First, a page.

Obasanjo appeals ‘contempt of court’ ruling over release of his new book

Former President Olusegun Obasanjo has challenged the decision of an Abuja court indicting him for contempt after he defied an earlier ruling stopping him from releasing his autobiography.

The court ruled on Wednesday that the former leader was in contempt, and gave him 21 days to demonstrate why he should not be punished.

Mr. Obasanjo said he was dissatisfied with the ruling handed by the judge, Valentine Ashi, saying the court acted in error in the first place by barring him from publishing his new book.

The former president, through his counsels, led by Gboyega Oyewole, on Thursday challenged the ruling at the Court of Appeal Abuja, on 10 grounds.

First, Mr. Obasanjo said he had completed and published his book before the judge gave his initial order.
Mr. Obasanjo also rejected the court’s order to security agencies to seize all copies of the book released on Tuesday in Lagos.

“The learned trial Judge erred in law and acted without jurisdiction in directing the police and security agencies to seize the Defendant’s book ‘My Watch’ from any vendor and directing the Defendant to show cause within 21 days on why he should not be committed to prison for contempt of court,” his lawyer said.

The judge’s earlier ruling was to the effect that the book launch be put on hold as it contained details of a libel case already before a court.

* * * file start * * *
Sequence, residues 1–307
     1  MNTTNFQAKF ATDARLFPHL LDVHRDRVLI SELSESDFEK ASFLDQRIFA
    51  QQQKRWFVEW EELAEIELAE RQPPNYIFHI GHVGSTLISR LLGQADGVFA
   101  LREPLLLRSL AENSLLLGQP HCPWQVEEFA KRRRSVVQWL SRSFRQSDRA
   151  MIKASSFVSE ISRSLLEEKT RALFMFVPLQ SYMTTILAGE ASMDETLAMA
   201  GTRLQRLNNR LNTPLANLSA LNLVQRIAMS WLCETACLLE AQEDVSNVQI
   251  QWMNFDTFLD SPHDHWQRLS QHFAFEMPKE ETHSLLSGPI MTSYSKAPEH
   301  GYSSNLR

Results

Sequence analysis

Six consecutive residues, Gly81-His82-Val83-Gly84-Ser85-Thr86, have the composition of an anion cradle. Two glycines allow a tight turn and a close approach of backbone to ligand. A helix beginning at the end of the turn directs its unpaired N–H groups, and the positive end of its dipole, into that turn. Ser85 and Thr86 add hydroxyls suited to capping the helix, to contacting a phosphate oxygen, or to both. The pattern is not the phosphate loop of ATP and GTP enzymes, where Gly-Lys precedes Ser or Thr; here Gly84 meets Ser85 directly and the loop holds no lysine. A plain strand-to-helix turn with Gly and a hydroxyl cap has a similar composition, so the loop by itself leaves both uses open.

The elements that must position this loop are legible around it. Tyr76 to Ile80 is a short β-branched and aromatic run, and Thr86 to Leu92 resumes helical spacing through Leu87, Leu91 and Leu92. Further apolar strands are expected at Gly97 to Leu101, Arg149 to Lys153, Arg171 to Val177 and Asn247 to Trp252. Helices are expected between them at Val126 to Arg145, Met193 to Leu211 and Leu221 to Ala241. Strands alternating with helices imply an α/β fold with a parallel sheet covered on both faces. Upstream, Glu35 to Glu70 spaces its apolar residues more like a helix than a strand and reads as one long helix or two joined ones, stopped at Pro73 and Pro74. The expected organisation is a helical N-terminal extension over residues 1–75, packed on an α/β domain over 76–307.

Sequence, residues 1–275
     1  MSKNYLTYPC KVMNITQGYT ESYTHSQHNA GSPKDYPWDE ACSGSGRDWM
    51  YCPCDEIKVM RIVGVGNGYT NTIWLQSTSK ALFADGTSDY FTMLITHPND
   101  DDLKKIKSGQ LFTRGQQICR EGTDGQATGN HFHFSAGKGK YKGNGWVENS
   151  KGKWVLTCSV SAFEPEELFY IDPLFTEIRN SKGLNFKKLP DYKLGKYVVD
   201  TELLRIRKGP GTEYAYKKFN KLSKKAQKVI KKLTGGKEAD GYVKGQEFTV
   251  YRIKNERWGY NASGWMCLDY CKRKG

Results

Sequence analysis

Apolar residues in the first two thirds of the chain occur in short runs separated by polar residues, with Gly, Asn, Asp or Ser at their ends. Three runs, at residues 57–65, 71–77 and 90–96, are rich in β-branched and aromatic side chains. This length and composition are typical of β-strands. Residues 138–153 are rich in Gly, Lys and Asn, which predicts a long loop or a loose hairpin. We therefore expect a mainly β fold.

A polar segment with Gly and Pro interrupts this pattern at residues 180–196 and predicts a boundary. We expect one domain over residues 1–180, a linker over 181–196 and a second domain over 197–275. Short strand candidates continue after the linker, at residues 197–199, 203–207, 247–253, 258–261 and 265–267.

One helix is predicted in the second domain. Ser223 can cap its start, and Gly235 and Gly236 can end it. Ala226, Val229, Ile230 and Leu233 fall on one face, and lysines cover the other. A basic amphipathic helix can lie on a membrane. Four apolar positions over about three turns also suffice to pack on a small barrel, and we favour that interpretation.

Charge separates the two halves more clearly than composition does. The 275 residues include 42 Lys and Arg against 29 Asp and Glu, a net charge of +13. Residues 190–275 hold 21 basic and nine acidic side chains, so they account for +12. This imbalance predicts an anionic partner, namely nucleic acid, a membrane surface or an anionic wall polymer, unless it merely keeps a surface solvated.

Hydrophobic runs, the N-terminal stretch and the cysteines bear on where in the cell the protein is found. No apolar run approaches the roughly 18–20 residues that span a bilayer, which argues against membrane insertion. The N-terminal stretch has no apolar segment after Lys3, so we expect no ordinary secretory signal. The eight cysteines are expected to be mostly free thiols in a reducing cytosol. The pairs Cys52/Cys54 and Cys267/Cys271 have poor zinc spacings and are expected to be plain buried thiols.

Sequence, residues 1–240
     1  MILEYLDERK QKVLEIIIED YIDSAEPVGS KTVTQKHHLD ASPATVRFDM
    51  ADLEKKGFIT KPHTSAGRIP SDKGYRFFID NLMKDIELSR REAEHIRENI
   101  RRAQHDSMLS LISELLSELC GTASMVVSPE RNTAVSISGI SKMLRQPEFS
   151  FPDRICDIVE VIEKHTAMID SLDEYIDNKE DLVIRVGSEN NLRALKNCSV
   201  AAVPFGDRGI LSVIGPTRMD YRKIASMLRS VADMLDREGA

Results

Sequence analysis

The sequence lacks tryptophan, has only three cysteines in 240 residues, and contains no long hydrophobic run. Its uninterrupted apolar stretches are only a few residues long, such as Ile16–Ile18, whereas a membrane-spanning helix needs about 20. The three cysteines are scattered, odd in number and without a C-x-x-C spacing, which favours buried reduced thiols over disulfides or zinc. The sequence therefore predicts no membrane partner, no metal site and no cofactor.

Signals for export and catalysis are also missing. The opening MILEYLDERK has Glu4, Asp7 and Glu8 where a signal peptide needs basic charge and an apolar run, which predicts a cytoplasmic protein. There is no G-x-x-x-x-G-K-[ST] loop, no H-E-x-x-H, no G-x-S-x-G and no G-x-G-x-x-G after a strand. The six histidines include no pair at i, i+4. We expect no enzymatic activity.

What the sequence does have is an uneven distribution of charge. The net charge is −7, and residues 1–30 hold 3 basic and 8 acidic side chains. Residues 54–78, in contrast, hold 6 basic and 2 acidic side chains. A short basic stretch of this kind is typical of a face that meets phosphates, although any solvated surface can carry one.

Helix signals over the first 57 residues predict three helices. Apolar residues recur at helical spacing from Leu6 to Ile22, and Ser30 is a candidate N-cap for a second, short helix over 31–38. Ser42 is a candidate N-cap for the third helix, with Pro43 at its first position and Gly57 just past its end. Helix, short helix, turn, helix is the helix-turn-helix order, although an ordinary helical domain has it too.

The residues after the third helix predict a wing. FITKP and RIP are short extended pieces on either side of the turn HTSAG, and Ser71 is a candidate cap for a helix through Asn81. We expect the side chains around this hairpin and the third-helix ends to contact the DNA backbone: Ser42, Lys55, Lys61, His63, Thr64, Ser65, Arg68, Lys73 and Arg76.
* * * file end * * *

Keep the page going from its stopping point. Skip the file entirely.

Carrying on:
The alleged libel case involves a drug trafficking allegation made by Mr. Obasanjo against Buruji Kashamu, a leader of the ruling Peoples Democratic Party, PDP, in the southwest.

Mr. Kashamu had requested the court order to stop the release of the book, citing the case.

But the move is believed to have been a cover to block Mr. Obasanjo from making public some of his most scathing assessments of President Goodluck Jonathan, as contained in the book.

Mr. Kasahmu is an ally of President Jonathan.

On Tuesday, the former president defied the court order and proceeded with the book launch saying the judge acted in error and deserved to be sanctioned.

Justice Ashi, in a ruling Wednesday, gave Mr. Obasanjo 21 days to demonstrate why he should not be punished for going ahead to publish the book.

The court also ordered the Inspector General of Police, the Director General of the State Security Service (SSS) and the Comptroller of Customs to recover all the books all book stands, sales agents, vendors, the sea and airports and deposit them with the court’s registrar pending the determination of the case.

Mr. Ashi said it was immaterial that the book was published before the interim orders were made.

He said Mr. Obasanjo should not have in the first place published the book since the Kashamu case was already in court.

The judge also rejected claims by Mr. Obasanjo’s lawyer that Mr. Kashamu failed to produce the book to prove it contained libellous details.

The judge said it was the duty, instead, of the defendant, in whose custody the book was, to show the court that the plaintiff’s fear was misplaced.

He said Mr. Obasanjo’s failure to do so, showed he had something to hide.


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